Saturday, February 16, 2008

My Heroes Have Always Been Cowboys

"I grew up a-dreamin' of bein' a cowboy, and lovin' the cowboy ways." -Willie Nelson, My Heroes Have Always Been Cowboys

They were my childhood heroes, the gallant knights of the plains. Soft-spoken and well-mannered, they were slow to anger but always ready to defend the weak and the powerless. The code they followed was based on moral rectitude rather than the rule of law.

There was a nobility in their largely nomadic life. Wandering from place to place on horseback, the cowboy/heroes fought villains, rescued ladies in distress, and righted injustice.

In the early days of TV Westerns, the protagonists were invariably clean in thought, word, and deed, careful to avoid vices like smoking, drinking, and swearing. They rarely indulged in even a chaste kiss with a grateful lady. Their clothes were neat, their teeth gleamed, spurs shone silver in the sun.
Hopalong Cassidy was the original Man in Black, but we knew he was a "good guy" from the moment he began speaking. Singing cowboys like Gene Autry (an Army Air Corps colleague of my father's) introduced us to some of the traditional ballads of the open range.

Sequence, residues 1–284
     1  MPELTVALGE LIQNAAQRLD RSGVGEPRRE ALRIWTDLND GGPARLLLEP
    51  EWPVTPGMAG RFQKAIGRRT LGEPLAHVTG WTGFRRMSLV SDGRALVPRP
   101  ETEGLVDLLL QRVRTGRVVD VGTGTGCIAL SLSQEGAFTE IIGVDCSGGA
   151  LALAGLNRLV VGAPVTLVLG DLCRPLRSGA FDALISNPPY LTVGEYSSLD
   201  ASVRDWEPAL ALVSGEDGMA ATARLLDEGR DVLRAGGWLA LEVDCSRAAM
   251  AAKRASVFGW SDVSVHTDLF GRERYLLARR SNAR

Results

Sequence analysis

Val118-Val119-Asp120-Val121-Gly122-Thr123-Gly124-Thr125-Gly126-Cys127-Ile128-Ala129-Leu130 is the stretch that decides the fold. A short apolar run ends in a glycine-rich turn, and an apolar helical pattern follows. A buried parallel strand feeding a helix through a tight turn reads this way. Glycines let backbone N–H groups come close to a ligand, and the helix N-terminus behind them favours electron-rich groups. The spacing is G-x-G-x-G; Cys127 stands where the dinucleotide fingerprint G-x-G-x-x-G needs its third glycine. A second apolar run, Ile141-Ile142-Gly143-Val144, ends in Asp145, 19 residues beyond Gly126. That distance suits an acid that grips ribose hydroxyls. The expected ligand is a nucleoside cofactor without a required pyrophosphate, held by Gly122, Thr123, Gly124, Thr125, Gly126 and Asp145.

There was a King of the Cowboys and Queen of the West. Sky King took to the air to track the bad guys. The Lone Ranger donned his mask; the Cisco Kid wore a sombrero. Straight shooting rancher Annie Oakley reminded girls that women could also be strong and independent.

The "cowboy virtues" were recreated in other times and places. Captain Gallant of the Foreign Legion, Sergeant Preston of the Yukon, Davy Crockett: all were cowboys in spirit if not in fact.

Their aim was true, their hearts were gold. They were loners with a mission. They were my earliest role models, those Western cowboys - and cowgirls - of the 1950s.

"I'm a roaming cowboy riding all day long,
Tumbleweeds around me sing their lonely song.
Nights underneath the prairie moon,
I ride along and sing this tune.

See them tumbling down
Pledging their love to the ground
Lonely but free I'll be found
Drifting along with the tumbling tumbleweeds.

Cares of the past are behind
Nowhere to go but I'll find
Just where the trail will wind
Drifting along with the tumbling tumbleweeds.

I know when night has gone
That a new world's born at dawn.

I'll keep rolling along
Deep in my heart is a song
Here on the range I belong
Drifting along with the tumbling tumbleweeds." -Sons of the Pioneers, Tumbling Tumbleweeds

"William Boyd as Hopalong Cassidy" Wikipedia

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